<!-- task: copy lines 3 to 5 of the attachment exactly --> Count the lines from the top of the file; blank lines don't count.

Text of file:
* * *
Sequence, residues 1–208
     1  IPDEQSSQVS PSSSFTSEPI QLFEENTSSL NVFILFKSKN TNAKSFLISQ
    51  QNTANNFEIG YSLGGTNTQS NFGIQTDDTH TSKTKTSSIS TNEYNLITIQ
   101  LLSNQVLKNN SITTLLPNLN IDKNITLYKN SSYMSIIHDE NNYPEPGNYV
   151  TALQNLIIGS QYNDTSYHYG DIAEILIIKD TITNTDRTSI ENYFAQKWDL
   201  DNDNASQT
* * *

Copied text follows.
    51  QNTANNFEIG YSLGGTNTQS NFGIQTDDTH TSKTKTSSIS TNEYNLITIQ
   101  LLSNQVLKNN SITTLLPNLN IDKNITLYKN SSYMSIIHDE NNYPEPGNYV
   151  TALQNLIIGS QYNDTSYHYG DIAEILIIKD TITNTDRTSI ENYFAQKWDL